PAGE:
If you encounter a dog while walking down the street, panic is not the best defense. Prepare yourself ahead of time to react with minimal harm.
United States Dog Bite Frequency
It’s a beautiful sunny day for a walk. But the Nextdoor app is filled with reports of vicious roaming dogs that are attacking people and small pets. You may have seen a suspicious stray dog or two yourself.
You are a million times more likely to get bitten by a dog than hit by lightning. To put that in perspective, about 49 people in the U.S. are hit by lightning each year.  Compare this to 4.5 million U.S. citizens per year getting dog bites.  This dwarfs an estimated 83 thousand annual assaults. 
How many people live on a city block in your neighborhood? Would you say about 150? If so, two of them will experience a dog bite this year.
According to the Insurance Information Institute, one-third of all homeowners insurance liability claims (in dollars) result from dog bites or dog-related injuries, and the average cost is more than $64,555, according to 2023 statistics. 
The purpose of this article is not to frighten you into inactivity. But, given the frequency, you must think through how you will handle the situation. Don’t get distracted with text messages or noise-cancelling headphones while walking through the neighborhood or park. Remain alert to your surroundings.
Many people carry a special dog-bite stick, a firm walking stick at least 3- to 4-feet long, a golf club, or an umbrella. Neither provide protection if you drop them or are hesitant to use them.
Confronting a Dog
If you turn the corner and see a loose dog, stop and assess the situation. Walk the other direction if the dog is several hundred feet away and minding its own business. Otherwise, be alert to visual clues:
Can you identify the type of dog? What color is it? Has the dog made eye contact with you? (Description may be helpful later to report it.) Is the tail wagging? Is the tail tucked between its hind legs as though it is frightened? Does it have a collar? Is the owner nearby? Do you hear barking or growling? Is the dog charging towards you?
Dogs love to chase. Their four legs are designed for running. A Pitbull can reach a top speed of 30 miles per hour (mph). That’s about 100 feet in 2 seconds. The average speed of Olympic gold medalist, Usain Bolt is 23.35 mph in his prime.
You are not faster than Usain. Unless the dog is a Dachshund, Corgi, or has arthritis, the canine creature will quickly catch you in a race.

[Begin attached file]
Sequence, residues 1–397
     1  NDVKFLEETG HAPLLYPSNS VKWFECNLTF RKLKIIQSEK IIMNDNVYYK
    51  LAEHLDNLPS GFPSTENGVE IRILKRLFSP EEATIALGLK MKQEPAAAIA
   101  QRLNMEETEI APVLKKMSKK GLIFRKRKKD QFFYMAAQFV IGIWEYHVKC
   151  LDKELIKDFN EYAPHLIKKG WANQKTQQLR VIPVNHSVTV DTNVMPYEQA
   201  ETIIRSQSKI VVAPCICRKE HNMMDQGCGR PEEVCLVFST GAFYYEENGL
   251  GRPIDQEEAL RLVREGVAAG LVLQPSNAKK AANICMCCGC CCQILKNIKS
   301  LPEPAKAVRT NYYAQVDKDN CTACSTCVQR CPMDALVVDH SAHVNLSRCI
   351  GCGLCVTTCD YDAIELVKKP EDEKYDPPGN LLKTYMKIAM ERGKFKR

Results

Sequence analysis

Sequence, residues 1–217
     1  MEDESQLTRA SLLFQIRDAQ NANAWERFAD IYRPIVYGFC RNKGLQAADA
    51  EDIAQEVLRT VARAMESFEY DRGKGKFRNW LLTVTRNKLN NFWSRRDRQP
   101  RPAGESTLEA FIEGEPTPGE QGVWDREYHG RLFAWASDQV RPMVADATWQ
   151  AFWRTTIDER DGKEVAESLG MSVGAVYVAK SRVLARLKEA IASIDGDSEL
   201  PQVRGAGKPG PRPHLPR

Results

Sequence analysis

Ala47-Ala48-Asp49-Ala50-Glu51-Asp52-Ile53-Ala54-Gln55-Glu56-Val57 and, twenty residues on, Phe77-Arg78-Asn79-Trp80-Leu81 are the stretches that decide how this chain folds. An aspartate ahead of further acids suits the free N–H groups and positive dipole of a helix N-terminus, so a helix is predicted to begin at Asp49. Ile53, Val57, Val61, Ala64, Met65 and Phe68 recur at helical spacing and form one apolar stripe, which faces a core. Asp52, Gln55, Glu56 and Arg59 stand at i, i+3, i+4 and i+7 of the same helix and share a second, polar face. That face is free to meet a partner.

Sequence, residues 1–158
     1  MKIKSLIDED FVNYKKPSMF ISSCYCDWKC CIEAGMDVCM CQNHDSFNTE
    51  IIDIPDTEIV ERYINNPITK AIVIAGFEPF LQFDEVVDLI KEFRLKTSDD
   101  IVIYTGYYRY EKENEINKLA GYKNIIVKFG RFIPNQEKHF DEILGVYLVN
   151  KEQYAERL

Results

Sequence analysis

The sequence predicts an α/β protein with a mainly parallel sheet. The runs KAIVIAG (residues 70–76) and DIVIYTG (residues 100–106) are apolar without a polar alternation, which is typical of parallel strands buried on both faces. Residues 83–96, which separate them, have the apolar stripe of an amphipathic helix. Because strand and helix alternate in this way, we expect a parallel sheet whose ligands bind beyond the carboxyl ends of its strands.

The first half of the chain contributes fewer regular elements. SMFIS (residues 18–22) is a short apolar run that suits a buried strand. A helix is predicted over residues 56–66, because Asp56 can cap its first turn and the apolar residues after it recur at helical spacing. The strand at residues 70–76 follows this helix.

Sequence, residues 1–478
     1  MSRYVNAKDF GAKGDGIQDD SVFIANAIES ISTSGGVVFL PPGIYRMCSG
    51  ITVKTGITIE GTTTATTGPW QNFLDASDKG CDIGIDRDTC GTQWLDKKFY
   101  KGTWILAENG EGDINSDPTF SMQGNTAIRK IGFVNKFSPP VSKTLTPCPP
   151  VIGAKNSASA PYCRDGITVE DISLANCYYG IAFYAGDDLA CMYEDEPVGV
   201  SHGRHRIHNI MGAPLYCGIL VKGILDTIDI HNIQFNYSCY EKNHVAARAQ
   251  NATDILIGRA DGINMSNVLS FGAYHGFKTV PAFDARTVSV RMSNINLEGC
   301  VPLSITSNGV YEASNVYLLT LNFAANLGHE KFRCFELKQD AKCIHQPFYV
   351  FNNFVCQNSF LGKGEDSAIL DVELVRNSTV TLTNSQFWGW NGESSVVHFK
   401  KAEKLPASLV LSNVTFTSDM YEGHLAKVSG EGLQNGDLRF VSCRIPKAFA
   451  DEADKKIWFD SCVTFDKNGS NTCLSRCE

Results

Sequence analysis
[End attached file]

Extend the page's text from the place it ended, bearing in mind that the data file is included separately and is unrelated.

Check the door handle of a nearby parked car. It could provide a haven when unlocked. If you have physical agility and the dog is more than 500 feet (10 city residential lots) away, you might have 10–12 seconds to scale a nearby fence. It helps to know if there is a dog in the yard you choose. In this regard, it is useful to know your neighbors.
When you rule out running and climbing, the remaining option is to stand your ground. There is no one trick for every occasion. Dog temperaments differ. A docile pet sometimes escapes through an opening in the backyard fence.
In an authoritative voice, I once commanded a dog that leaped atop a 6-foot wall, “Get down!” He obeyed. It would be great if we could avert all dog attacks by ordering animals to sit!
Feral dogs may roam and kill small animals for food. This nurtures a taste for blood. A mad dog attacks with little provocation. Here are some things to consider when you come face-to-face with a loose dog.
Do not run from a dog.
Avoid direct eye contact if growling.
Use dog repellant if available.
If the dog is lunging, try to keep it at bay with a stick.
Roll into a ball and remain motionless if you’re knocked over.
Feed the ball of a dog bite stick until you get out of a confined area with it. Things can quickly turn brutal. You may need to smack an aggressive dog upside the head with your walking stick or club in an open area.
If you are less prone to physical altercation, carry a strong umbrella. The sound and expansion can startle most dogs, with the hope that they will retreat. A downside is that umbrellas are flimsy fabric that a large aggressive animal can easily shred. Mail carriers exercise caution when entering yards and carry dog repellant.